Planning For Your Business Growth? 7 Questions to Get Your Message Right

As a business owner, you’ve probably come across some of these questions before.

I’m thinking about them now as we go into the new year, considering where I am so I can see more clearly where I plan to go in 2023.

Maybe you’ve had similar questions posed by an expert or business coach before, or perhaps within discussions in your own team. These are questions designed to get to the heart of your business and using them to review your position should be done regularly to help confirm your next steps.

I hope this helps

1. Why are you in this business?

There’s a lot more to this question than might first appear:

  • Let’s think about why this business? Have you been making clothes or arranging flowers since you were a child? Perhaps you were always good with numbers but wanted to work with people? It could be that you found yourself in a role which you enjoyed and now you use those skills for your clients. Why do you choose to do the thing you do?
  • Now think about the practicalities of why you started your business or set up on your own? What was going on in your life that took you in this direction? Have you chosen to go alone or was a level of support essential in getting started? We’re thinking about how your business was born.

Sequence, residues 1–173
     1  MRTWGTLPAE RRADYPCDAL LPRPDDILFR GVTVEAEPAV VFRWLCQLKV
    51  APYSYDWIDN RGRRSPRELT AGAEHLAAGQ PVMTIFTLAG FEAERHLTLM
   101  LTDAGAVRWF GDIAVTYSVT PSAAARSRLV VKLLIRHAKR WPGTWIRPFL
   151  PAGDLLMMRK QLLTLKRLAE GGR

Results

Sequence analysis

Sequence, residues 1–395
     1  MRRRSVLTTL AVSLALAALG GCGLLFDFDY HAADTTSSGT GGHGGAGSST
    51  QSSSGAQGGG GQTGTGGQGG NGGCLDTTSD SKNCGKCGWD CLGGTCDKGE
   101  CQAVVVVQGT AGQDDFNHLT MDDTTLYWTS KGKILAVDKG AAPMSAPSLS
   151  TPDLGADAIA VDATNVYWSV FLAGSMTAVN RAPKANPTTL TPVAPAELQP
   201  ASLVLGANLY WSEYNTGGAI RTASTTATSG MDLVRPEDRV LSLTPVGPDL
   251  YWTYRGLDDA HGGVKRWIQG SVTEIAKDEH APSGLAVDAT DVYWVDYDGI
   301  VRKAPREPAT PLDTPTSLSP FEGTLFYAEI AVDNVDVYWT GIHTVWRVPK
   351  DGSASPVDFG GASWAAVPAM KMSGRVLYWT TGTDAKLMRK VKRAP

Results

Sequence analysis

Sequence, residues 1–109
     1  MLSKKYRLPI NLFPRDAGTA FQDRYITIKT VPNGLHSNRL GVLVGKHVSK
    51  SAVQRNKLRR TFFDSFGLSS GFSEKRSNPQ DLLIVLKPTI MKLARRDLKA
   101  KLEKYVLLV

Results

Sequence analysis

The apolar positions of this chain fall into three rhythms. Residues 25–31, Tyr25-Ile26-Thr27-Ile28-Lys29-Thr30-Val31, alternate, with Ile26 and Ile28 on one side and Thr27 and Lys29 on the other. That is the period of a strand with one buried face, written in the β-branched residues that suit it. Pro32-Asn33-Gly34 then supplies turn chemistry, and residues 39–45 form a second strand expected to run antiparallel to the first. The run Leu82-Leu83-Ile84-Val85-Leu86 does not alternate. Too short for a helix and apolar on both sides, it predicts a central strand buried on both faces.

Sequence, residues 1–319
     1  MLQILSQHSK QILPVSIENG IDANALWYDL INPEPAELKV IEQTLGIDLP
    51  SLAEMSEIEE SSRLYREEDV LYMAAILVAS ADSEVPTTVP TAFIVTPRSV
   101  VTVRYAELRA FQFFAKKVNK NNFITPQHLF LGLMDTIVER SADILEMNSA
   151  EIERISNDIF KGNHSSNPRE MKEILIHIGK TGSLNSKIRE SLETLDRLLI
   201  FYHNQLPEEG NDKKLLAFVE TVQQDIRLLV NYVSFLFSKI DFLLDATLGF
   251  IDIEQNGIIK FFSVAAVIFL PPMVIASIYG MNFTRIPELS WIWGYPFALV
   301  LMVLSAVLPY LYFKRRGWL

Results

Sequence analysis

• It’s also important not only to think about what you do but how you do it – what influenced how you set up your business?

I’ll share some of my ‘Why’s’ with you, so you can see if this helps.

  • As a child, I loved reading and always wanted to write. Whether books, comics or magazines, I loved the power of words to create worlds, reveal secrets and explain things as well as entertain.
  • In my corporate life, communication was my superpower. It might have been creating documents, writing emails, or standing in front of groups of execs, when there was a message to pass on to a broad audience I’d get the job. I instinctively knew how to tell someone the bit they cared about and could encourage agreement by pulling those needs and wishes together.
  • I left my corporate job when a perfect storm of frustration and tiredness, restructures offering redundancy, and children needing more time and support combined.
  • I met a copywriter and realised how my communication superpower could help small businesses, by working with people who do awesome things but aren’t great at shouting about it.

2. Who are you helping?

It’s time to consider the needs of your target audience – all those people you want to help in all the ways you help them. This is the most important part of any marketing strategy and something I talk about a lot.